President-elect Trump announced his intention to formally withdraw the United States from the TPP agreement. So ends seven years of controversial negotiations and intense public debates over the content and anticipated consequences of the pact. Trade goes on — but other countries will try to fill the leadership space.
China argues it should be granted “market economy status” by all WTO Members. Some of the world’s major economies, including the United States, think it depends on the specific situation. American producers of industrial commodities such as steel say China is not operating on market principles in their sector.
The UK has opted to leave the EU. Now it must figure out a new trade architecture for itself that keeps its global commercial relationships in tact.
Trade has been a remarkable engine of economic growth and development, lifting hundreds of millions out of poverty since the birth of the modern trade system in Bretton Woods more than six decades ago. But how can a country trade sustainably, and deliver not only balanced economic benefits to its citizens, but also strengthen social capital and provide responsible environmental stewardship?
According to a new study, reducing tariffs on LED light bulbs by 3.6 percent would save American households $320 million each year. How? Lowering the tariff on imported LED bulbs makes it cheaper to buy them. Lower prices also raises demand, leading to greater usage. Using more energy efficient light bulbs could cut electric bills by $129.6 million and lower the number of kilowatt hours in the United States by 238 million every year.
Kicking-off the 2016 holiday season, Americans broke spending records on Black Friday and Cyber Monday. But the big story was how people shopped – online – and increasingly using their phones not just their computers.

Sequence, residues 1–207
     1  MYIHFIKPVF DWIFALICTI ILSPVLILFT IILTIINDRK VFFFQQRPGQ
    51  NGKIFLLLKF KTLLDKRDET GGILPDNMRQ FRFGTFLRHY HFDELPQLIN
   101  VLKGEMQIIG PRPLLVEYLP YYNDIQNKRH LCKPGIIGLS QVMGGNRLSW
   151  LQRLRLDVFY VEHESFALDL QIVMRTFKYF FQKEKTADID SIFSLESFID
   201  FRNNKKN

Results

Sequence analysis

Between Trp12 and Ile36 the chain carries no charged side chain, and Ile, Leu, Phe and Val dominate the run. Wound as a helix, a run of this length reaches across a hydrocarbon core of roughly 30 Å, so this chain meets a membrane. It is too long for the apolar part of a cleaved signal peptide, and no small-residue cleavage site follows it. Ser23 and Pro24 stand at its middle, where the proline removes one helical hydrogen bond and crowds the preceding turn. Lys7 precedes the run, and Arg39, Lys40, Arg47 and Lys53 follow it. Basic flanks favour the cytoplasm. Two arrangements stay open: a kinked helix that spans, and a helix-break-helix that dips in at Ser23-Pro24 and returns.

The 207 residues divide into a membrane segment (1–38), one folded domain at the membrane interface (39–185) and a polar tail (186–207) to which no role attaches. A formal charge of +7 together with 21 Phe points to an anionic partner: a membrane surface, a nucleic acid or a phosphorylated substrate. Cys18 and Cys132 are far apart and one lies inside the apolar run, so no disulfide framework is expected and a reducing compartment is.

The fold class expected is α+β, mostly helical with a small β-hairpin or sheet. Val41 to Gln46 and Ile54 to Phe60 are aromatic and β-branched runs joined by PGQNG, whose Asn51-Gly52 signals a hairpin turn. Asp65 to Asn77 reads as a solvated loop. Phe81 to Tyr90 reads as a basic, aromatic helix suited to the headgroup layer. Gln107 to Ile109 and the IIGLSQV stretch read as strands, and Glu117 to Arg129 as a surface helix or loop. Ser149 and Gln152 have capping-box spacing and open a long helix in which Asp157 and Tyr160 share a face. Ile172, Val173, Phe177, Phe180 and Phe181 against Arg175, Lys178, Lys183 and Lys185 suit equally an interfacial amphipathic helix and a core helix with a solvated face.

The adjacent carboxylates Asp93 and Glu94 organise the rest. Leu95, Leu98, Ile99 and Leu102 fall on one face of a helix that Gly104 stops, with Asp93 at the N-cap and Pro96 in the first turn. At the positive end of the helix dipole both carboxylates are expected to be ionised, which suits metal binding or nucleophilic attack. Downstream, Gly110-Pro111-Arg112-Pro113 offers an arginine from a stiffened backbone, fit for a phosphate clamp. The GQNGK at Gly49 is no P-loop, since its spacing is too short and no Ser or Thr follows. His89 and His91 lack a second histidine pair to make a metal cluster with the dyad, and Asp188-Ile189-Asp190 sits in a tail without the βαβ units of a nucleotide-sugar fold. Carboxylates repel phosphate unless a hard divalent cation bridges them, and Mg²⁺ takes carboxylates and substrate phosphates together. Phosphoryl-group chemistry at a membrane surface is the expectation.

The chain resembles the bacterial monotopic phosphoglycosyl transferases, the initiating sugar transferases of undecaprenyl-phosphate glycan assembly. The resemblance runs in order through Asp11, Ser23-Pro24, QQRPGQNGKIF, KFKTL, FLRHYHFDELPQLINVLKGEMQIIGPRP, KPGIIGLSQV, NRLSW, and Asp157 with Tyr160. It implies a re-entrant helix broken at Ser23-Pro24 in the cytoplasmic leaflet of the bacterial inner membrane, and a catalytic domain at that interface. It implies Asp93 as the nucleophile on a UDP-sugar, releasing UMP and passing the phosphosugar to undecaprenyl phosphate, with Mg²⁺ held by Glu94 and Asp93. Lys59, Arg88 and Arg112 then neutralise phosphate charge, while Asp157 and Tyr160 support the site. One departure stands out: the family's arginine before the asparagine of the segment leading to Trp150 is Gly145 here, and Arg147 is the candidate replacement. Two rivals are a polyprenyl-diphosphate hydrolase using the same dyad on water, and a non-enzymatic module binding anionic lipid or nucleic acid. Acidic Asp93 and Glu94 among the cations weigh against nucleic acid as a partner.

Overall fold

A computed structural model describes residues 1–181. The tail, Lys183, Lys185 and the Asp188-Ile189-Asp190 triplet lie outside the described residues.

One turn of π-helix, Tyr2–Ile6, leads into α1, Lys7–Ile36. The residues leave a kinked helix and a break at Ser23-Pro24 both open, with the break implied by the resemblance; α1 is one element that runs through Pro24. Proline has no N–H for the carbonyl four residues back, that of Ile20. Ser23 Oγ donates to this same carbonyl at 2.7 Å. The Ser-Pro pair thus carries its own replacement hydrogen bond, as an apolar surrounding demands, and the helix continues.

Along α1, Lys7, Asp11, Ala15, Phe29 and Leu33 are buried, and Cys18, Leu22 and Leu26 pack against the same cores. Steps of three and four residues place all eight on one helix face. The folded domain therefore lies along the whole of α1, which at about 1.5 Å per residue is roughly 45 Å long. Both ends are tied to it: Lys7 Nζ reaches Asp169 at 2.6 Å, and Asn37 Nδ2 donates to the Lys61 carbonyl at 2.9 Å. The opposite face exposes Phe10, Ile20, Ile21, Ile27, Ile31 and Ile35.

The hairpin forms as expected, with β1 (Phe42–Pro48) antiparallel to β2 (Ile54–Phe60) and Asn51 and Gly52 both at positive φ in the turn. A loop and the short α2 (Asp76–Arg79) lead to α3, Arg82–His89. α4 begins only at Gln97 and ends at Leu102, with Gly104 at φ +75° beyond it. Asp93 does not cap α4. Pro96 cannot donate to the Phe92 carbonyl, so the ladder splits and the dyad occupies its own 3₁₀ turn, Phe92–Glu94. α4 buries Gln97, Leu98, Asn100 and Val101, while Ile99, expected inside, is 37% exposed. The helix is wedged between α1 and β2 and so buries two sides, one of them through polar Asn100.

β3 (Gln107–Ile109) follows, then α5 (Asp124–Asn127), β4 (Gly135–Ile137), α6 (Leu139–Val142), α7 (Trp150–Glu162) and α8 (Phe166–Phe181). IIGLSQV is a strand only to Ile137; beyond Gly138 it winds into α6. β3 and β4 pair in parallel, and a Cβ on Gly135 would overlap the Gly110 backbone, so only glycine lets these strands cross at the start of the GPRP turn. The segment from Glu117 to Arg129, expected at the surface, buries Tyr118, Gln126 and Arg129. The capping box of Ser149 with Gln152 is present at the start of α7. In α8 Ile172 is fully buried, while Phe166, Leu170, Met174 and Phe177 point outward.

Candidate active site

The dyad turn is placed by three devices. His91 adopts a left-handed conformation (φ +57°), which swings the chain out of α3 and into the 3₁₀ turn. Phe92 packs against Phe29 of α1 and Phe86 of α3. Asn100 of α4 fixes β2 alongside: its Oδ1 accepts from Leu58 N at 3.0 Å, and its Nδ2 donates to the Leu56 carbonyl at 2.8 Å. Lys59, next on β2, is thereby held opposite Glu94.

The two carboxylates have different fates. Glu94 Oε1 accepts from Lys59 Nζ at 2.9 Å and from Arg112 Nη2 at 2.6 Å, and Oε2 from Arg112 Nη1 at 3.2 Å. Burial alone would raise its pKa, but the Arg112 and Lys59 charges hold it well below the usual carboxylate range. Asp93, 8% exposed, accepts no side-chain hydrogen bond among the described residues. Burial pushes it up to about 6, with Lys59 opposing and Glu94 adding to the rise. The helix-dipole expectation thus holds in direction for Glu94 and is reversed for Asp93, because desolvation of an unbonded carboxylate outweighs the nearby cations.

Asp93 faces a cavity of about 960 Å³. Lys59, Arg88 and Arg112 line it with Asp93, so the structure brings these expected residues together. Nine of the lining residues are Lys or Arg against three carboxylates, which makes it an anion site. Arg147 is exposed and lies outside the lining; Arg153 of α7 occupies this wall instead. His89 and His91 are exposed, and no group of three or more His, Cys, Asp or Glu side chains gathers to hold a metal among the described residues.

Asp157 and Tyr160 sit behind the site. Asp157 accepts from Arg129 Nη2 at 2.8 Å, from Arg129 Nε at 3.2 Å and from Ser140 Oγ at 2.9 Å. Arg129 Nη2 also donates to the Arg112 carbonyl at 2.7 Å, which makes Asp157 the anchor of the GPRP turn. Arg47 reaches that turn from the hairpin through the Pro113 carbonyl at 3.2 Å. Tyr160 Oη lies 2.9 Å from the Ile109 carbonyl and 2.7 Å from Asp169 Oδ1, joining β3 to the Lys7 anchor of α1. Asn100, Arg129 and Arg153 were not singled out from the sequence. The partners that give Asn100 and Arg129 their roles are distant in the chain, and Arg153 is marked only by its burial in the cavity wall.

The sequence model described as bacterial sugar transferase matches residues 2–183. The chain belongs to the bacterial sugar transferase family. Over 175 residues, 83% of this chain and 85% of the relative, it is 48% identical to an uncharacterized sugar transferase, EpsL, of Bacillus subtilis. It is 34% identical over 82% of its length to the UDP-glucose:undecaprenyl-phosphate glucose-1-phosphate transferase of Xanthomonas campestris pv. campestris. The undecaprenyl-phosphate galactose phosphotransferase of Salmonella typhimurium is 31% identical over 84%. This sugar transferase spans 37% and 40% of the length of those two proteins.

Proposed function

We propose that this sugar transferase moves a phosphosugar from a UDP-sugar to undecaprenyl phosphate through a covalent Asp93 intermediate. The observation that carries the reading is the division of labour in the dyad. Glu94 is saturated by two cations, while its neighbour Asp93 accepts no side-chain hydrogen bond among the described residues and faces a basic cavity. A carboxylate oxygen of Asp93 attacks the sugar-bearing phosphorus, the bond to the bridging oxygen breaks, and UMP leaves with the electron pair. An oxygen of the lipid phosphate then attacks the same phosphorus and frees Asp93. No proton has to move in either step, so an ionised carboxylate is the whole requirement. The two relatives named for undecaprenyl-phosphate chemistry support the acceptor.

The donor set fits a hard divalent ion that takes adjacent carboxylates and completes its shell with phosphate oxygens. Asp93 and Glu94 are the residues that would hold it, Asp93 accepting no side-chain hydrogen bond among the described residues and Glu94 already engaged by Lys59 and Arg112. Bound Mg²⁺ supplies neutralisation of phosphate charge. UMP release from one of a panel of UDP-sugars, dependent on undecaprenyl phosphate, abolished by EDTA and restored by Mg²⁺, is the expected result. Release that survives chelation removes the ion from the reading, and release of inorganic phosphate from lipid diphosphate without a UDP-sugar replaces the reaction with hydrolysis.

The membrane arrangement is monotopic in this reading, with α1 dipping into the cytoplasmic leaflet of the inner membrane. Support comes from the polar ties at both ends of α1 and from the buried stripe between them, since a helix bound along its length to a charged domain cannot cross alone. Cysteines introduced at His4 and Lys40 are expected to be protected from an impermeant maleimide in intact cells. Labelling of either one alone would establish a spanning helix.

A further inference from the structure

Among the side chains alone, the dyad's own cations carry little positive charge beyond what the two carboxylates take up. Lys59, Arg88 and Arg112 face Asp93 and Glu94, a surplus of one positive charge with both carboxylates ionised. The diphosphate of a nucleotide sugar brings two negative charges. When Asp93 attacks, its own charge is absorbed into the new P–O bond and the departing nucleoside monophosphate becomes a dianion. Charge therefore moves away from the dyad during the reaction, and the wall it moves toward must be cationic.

Mr. Trump ran on a platform that rejects the notion that trade agreements have worked to America’s favor. He promised some major reversals of trade policies. Will he dump trade?
The Environmental Goods Agreement (EGA) is an effort by 17 participants representing 46 WTO Members to eliminate tariffs on a range of goods related to protecting or improving the environment. Together, these 46 Members account for 90 percent of environmental goods trade worldwide. The EGA would eliminate tariffs on a negotiated list of products designated as “environmental goods,” and would be signed by a subset of WTO Members. Trade practitioners call this type of agreement a plurilateral sectoral agreement: many countries, one sector.
President-elect Trump is already marching through his first 100-day agenda. Near the top of that list is withdrawing from NAFTA—or re-negotiating it. He should work with Mexico and Canada to create a North American Infrastructure Bank instead of re-opening an outdated NAFTA agenda.
Globally, e-commerce sales are projected to surpass $3.5 trillion within the next five years. China and the U.S. account for over 55 percent of global e-commerce, but digital consumption is growing around the world even in markets that still heavily operate on a cash-on-demand basis, like India. The major American e-commerce platforms Amazon and eBay are growing their share in overseas markets but they face stiff competition from companies vying for new online shoppers around the world.